So thank you. And I want to give a pitch right now. Because if you're listening to this and wanting to know more and do some more discernment in this space around roles of social change, Eileen Flanagan offers courses that are asynchronous that you can participate in and do further exploration for yourself, and for your community. You can find more information about that course at eileenflanagan.com. Eileen, I want to thank you for this time. It's lovely to get to know you in this sort of special and intimate but shared way. And I offer many blessings on the work of Equate and on your own stepping into leadership. As you help people and communities discern their role in these really tricky times. May your writing and speaking continue to inspire.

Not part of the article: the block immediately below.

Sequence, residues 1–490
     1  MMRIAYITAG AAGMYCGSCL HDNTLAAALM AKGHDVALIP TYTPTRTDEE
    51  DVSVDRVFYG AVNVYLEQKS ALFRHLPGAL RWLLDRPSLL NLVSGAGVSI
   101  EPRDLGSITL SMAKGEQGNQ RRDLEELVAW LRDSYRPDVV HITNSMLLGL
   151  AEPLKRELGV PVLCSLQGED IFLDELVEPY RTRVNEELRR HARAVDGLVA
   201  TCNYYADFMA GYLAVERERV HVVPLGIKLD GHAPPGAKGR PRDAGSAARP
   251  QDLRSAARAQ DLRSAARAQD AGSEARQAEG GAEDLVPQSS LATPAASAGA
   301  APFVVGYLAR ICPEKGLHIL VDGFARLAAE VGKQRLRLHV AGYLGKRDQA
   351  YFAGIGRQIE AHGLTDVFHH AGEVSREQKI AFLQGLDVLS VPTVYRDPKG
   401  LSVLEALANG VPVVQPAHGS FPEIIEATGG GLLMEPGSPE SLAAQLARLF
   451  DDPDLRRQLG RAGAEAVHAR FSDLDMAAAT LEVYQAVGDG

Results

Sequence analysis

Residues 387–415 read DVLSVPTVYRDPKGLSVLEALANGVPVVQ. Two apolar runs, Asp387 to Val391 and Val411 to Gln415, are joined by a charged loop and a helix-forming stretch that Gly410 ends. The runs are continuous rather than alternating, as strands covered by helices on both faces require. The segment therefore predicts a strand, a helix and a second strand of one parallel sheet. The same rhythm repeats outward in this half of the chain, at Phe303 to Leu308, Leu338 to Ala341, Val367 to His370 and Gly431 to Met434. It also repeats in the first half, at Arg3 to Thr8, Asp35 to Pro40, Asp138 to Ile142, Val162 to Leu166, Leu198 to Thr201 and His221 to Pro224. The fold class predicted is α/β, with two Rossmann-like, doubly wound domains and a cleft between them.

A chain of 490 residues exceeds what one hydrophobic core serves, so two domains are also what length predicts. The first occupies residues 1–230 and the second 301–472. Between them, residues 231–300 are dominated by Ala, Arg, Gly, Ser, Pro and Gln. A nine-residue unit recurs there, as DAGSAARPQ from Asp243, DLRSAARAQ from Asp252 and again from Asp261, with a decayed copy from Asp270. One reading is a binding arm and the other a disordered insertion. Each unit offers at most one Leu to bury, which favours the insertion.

Eileen Flanagan 34:24
Thank you so much. It's been great being with you.
Nicole Diroff 34:46